Updated: Jan 7
We've all felt the effects of staying home during the pandemic. When people couldn't travel, they spent their money on renovations because they realized just how much their interior space lacked what would make them enjoy being home more. Being intentional and personal when designing, renovating, or decorating is a key factor for enjoying a space.
Art and Design Background
This article is on my art website, but what many people don't know is that I also have a degree in design and architecture. I worked in the cabinet industry and construction industry for over a decade and while I still don't know everything, I do know how to listen to a clients' needs and desires to make sure they get what they want.
Communication between a designer and a client is as important and the way your space communicates with those in it.
An interior designer has more to do than pick wall colors and decor. An Interior designer works with architects and engineers to make sure knocking down a wall will be the best way to open up a space for better social integration. They will choose the type of flooring that will best resist wear and tear for a busy family with two dogs. They will choose lighting that won't make you tired. They are so good and putting together a package that they sometimes miss the mark with art.
The things on your wall are as important as the wall color and furniture and flooring and lighting. They all speak together. If you're choosing a white oak hardwood and light colored wall with black pendant lighting over the kitchen island....it's likely that you're style is fairly modern but you have a slightly calming demeanor with some love for the outdoors. What you put on the wall probably shouldn't have intense colors.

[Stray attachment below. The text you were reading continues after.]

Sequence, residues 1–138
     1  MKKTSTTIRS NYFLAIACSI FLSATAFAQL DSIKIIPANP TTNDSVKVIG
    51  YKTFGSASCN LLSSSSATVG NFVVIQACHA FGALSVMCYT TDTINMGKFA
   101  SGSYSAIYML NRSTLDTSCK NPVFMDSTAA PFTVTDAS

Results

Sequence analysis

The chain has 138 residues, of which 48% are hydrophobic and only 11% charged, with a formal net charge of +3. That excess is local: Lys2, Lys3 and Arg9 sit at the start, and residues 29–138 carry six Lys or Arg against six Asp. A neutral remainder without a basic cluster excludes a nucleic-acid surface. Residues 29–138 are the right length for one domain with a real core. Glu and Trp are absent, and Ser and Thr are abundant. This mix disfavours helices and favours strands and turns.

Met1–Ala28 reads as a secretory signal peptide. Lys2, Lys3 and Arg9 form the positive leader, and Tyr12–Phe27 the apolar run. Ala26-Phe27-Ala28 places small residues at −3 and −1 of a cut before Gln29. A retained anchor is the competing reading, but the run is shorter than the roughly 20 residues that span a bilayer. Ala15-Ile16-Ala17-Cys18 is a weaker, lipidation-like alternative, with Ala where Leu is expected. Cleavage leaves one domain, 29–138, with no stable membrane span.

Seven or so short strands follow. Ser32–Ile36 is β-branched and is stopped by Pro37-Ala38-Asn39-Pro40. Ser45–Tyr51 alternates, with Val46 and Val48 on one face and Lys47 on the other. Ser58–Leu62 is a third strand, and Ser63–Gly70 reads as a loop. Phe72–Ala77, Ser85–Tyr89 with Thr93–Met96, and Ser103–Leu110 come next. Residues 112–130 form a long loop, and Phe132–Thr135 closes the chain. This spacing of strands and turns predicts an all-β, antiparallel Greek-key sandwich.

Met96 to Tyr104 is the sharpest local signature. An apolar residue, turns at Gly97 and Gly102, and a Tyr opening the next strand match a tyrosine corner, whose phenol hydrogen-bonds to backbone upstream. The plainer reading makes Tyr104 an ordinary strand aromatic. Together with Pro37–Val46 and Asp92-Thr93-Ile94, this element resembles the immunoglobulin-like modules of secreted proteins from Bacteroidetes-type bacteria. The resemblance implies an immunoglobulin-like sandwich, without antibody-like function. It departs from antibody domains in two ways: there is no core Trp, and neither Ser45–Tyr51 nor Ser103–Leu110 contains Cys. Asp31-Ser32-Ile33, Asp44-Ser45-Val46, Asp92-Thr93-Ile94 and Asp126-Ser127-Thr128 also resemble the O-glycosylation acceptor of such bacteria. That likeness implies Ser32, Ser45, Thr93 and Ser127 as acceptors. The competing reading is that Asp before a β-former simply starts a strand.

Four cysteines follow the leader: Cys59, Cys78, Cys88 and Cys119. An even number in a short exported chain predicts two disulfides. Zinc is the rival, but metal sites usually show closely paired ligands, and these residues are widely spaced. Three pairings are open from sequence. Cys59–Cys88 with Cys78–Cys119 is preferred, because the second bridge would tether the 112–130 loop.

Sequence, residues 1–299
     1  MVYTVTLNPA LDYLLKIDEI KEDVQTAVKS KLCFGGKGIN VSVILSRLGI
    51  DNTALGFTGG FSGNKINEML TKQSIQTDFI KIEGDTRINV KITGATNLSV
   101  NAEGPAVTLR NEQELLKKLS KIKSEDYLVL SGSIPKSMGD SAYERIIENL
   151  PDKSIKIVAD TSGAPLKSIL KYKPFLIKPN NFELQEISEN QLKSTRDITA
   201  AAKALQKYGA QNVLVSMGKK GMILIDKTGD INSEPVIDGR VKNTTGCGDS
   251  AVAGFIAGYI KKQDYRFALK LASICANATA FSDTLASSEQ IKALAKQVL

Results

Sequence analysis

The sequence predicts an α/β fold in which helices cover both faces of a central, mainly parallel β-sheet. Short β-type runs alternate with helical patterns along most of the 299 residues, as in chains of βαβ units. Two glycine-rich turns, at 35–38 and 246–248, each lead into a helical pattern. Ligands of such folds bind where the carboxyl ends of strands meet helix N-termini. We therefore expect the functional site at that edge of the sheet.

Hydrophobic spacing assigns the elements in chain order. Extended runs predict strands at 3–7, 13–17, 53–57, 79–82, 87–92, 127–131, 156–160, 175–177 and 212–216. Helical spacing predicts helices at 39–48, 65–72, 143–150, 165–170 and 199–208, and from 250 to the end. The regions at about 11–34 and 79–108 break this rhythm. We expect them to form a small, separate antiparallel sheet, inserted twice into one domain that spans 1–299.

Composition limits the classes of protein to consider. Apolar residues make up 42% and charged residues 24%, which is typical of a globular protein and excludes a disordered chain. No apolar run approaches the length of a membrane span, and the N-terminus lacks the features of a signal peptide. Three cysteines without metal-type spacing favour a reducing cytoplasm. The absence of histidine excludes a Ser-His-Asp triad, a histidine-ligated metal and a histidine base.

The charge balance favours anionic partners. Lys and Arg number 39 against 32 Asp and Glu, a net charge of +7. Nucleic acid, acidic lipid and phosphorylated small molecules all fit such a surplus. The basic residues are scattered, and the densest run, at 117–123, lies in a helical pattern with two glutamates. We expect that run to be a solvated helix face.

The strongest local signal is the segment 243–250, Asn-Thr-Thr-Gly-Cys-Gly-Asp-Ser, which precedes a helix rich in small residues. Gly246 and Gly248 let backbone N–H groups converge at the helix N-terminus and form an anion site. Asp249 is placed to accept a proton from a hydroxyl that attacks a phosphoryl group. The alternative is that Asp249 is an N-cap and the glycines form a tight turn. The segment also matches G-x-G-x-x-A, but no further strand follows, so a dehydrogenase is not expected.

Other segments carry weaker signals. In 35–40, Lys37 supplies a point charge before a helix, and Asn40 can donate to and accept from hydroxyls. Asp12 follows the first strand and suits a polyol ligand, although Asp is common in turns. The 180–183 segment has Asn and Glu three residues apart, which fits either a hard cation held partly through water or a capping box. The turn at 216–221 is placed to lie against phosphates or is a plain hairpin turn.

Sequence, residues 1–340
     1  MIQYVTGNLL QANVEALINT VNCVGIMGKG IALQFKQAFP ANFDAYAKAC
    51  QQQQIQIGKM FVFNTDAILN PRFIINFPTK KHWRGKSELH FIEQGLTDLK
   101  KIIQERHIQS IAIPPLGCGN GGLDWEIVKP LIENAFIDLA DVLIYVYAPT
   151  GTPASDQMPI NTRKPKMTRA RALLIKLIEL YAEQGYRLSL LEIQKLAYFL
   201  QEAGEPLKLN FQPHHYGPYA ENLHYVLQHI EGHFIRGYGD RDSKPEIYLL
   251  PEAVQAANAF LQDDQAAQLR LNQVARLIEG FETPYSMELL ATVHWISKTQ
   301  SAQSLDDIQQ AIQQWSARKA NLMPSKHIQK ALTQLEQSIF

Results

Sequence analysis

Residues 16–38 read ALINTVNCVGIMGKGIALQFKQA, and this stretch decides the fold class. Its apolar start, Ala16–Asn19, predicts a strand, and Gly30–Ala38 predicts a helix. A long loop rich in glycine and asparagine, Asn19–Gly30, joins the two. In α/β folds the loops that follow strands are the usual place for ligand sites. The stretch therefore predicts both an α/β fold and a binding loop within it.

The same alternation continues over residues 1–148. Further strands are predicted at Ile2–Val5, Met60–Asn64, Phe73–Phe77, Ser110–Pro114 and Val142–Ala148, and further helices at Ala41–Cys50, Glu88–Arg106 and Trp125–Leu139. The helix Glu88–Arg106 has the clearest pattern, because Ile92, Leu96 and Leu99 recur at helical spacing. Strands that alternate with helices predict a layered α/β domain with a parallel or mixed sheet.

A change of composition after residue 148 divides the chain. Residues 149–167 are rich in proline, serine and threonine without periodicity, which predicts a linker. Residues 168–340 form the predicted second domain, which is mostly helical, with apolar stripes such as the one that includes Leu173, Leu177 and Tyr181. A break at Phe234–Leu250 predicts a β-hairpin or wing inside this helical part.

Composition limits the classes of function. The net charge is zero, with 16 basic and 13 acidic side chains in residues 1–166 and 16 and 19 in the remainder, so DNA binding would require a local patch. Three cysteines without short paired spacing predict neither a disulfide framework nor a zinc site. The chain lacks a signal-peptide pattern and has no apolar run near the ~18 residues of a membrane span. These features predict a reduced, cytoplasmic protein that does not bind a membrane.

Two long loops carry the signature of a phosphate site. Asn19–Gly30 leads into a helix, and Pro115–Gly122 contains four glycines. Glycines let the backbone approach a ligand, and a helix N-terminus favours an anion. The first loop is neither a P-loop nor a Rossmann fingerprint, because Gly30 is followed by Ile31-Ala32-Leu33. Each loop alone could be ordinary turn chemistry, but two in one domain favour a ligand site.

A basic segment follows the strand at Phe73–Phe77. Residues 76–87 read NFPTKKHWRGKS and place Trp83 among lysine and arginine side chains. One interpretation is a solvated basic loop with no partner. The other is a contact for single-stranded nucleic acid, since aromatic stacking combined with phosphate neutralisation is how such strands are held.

As an interior designer, you've probably got a good indication by now about what you're client likes and dislikes, so now it's up to you to make sure you make the wall art personal. Do they have a favorite vacation spot, a favorite artist, a favorite pet? Use their interests and desires to choose the theme and then intentionally coordinate it with the ret of the house.
Communication is the key to creating a wholistic environment. Now that the space is complete, visitors to the space will see their friends' or family's personality be reflected. It's never about you, the designer, but always about the client.
Well now wait a minute....I'm not a designer. I'm just a homeowner that wants to give my living room a makeover. How do I do that without spending a fortune on a designer? I think that's a whole different blog....but keep communication in mind. How do you want your space to reflect who you are?
You may need to ask yourself some questions you haven't thought about in a long time such as...what is my favorite color and why? What do I enjoy doing outside of work? Do you have a family? Pets? What's important to you? These things may result in purging some of the non-essential items you have lying around, or getting new ones that reflect who you are. After all, as humans, our values change over time. What I liked at age 20, I don't like at age 40.
Budget is always an issue and if you're not able to invest in new furniture or major renovations like flooring, then accessories and paint may be the way to go. A slip cover over the couch might liven it up a bit. Or get new throw pillows, or an area rug (if you're flooring isn't already carpet). But make sure the colors and textures reflect who you are, but also don't clash horribly with what you can't change. If you're not good a doing this, invite a friend or family member who is good at these types of co-ordinations to help you. Make a plan over cocktails or coffee and go shopping together - even if it's searching stuff online.
Be intentional. Remember my opening sentence? Don't keep everything and don't show off everything you've got!!! Be intentional with what you're showing people. Have visual space allow your eye to focus on the best parts of you. If things are too cluttered, you can start to feel anxious. Clutter can come off as disorganized, uncaring, and lazy. This may not be who you are but your room may say otherwise.